My TV screen continued to pass on the DVR’s same little message it had been telling me for the past two hours: “Almost there, just a few more minutes.” Sure. I had optimistically believed that for the first 30 minutes, thinking that perhaps the DVR’s definition of a minute was a little longer than mine. But at this point I was beginning to read between the lines… my DVR box was fried.
A year ago, such a message would have propelled me into a flurry of web activity, looking for a new hard drive for the DVR that I could install as soon as possible to deflect the family’s anguish at the loss of their TV companion. Indeed, that was the case with the previous DVR box that passed on suddenly. But this time I sat back and thought about my family’s TV habits for a little longer and I realized that after 14 years of friendship, it was time to move on. I no longer needed the (sometimes) loyal companionship of a DVR.
In fairness, I’m not suggesting that my family could go cold turkey. Far from it; we still have a second DVR that is running smoothly, but I realized that I personally didn’t need the DVR. When I considered my TV viewing, I realized that 90 percent or so of what I watch is available online. Everything from HBO shows to Lizard Lick Towing is available online whenever I want to watch it.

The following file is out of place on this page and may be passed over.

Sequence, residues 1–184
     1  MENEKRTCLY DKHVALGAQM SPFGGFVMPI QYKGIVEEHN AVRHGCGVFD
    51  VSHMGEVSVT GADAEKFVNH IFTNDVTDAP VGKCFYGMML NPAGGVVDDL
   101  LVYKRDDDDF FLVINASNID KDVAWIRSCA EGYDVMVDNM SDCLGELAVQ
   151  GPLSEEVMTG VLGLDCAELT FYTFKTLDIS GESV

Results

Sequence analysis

Looking back 14 years, the initial DVR was, without doubt, a revolutionary device for the home. I remember having it explained to me – and then passing on that knowledge to others. No, you didn’t need a VCR tape, and no, you didn’t need to remember to hit record. The concept of the season pass, and the ability of the DVR to guess what else you may like was a blow-your-mind moment for most people.
But the current transition is just as significant. No, you don’t need to worry about hard drive space and no you don’t even need to think about what you may want to watch. Just sit down, search for it and in many cases you will find what you are looking for. Of course, these are still early days and the content transition is still a work in progress. Not all content is available online – especially not all of the latest episodes. HBOGO is still an exception, rather than the rule, in its approach to provide online access at the same time as the linear TV launch of a new episode. But this availability is improving, especially as content providers realize that the advertising options are as valid – if not more valid – than in the DVR era. With online, you can still ensure that the ad is watched, not skipped; and consumers are okay with that as long as the ad is short.
So I unplugged my DVR, pulled out my smartphone and started watching TV via a Google Chromecast. Smooth, simple, and in most cases an adequate alternative at far less of a cost: the Chromecast cost far less than a replacement DVR hard drive. Will I miss some shows? Sure. But not enough to go back. Instead, I’ll be here online waiting for them to join me.